David didn't waste a lot of words when he admitted that he had sinned against the Lord. How often have you presented a paragraph of information to your spouse explaining why you have sinned? David didn’t do that. He owned his sin. Likewise, in marriage we need to face up to our individual offenses.
3. A repentant spouse yearns for long-term transformation. Just look at what David says in Psalm 51:6, “Behold, You delight in truth in the inward being…and teach me wisdom in the secret heart.”
When David says “delight,” he is talking about what God likes inside of His people. He is saying to God, “You desire the places that I’ve closed off from You to be reopened in my life, for You to deal with.” In this passage David is getting beyond the sin of adultery and getting to the heart that led to adultery.
Jesus Christ did not die on the cross so that we would have the same old, nasty, funky, trifling, hard heart in our marriages. He says in Ezekiel 36:24-28 (The Message): “… I’ll give you a new heart, put a new spirit in you. I’ll remove the stone heart from your body and replace it with a heart that’s God-willed, not self-willed. I’ll put my Spirit in you and make it possible for you to do what I tell you and live by my commands. …”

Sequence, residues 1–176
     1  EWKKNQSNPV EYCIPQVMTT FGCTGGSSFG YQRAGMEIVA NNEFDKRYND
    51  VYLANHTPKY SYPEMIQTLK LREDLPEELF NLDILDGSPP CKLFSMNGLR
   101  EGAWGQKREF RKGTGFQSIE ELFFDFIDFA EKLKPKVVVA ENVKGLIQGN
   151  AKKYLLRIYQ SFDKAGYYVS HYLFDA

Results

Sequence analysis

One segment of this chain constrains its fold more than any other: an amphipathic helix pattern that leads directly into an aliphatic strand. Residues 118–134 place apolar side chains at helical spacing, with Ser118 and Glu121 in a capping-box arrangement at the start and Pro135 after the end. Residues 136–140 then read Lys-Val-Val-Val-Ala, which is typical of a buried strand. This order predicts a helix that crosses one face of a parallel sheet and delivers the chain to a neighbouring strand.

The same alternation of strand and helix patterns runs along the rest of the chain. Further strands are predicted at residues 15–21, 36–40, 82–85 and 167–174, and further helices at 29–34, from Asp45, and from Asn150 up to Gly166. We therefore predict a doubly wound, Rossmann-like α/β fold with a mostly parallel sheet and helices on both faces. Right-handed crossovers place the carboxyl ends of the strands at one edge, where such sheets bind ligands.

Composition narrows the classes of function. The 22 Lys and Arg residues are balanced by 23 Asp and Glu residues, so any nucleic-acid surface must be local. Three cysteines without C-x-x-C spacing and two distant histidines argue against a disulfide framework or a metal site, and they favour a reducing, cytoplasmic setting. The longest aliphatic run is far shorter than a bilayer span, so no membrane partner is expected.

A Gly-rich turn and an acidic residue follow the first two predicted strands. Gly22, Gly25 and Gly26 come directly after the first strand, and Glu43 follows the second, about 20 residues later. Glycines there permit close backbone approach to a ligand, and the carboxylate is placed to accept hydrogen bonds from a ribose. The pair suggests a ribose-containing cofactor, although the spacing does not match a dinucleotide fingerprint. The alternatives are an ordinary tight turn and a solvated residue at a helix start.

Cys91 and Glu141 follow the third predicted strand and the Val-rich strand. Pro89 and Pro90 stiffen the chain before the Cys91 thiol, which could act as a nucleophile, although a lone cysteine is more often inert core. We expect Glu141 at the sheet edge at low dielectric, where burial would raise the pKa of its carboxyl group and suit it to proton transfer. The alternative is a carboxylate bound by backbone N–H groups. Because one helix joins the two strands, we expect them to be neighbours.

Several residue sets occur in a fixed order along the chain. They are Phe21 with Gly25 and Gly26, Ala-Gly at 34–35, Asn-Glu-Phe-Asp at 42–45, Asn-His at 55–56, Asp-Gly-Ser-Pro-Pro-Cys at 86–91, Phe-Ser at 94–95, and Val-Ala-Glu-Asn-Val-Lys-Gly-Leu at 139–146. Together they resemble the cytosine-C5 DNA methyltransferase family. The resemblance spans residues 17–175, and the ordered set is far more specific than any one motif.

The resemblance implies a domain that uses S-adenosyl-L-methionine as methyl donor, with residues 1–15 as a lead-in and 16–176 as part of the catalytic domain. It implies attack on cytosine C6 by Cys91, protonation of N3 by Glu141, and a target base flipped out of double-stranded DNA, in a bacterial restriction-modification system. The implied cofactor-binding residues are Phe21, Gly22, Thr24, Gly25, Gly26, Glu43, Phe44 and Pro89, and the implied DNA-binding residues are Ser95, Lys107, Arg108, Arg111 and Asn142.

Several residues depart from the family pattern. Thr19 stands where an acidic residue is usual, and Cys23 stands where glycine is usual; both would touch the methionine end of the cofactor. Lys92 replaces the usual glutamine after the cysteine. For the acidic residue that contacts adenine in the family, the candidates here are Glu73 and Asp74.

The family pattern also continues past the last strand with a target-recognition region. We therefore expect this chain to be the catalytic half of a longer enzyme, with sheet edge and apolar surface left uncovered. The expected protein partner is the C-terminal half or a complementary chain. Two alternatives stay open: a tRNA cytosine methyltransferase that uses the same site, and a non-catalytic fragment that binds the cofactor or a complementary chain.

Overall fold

Whiter than snow
No matter where we are in life, each of us is in desperate need of the cross of Christ. And that’s what David expresses in Psalm 51:7, “Purge me with hyssop, and I shall be clean. Wash me, and I shall be whiter than snow.”
The gospel gives freedom to our lives and to our marriages. Jesus has already paid for our sins. He gives us the ability to look into our spouse’s eyes and say, “I am so sorry for what I did. I repent!”
© 2013 Eric Mason. All rights reserved. Used with permission.
Eric Mason resides in Philadelphia with His wife and two sons. He is co-founder and lead pastor of Epiphany Fellowship in Philadelphia, PA. In addition to his role at Epiphany Fellowship, Eric serves as the president of Thriving, a ministry dedicated to aiding ethnic minorities to be resourced and trained for ministry to the urban context. He is also the author of Manhood Restored.
You can listen to Pastor Mason give a talk about this subject on a recent FamilyLife Today® broadcast.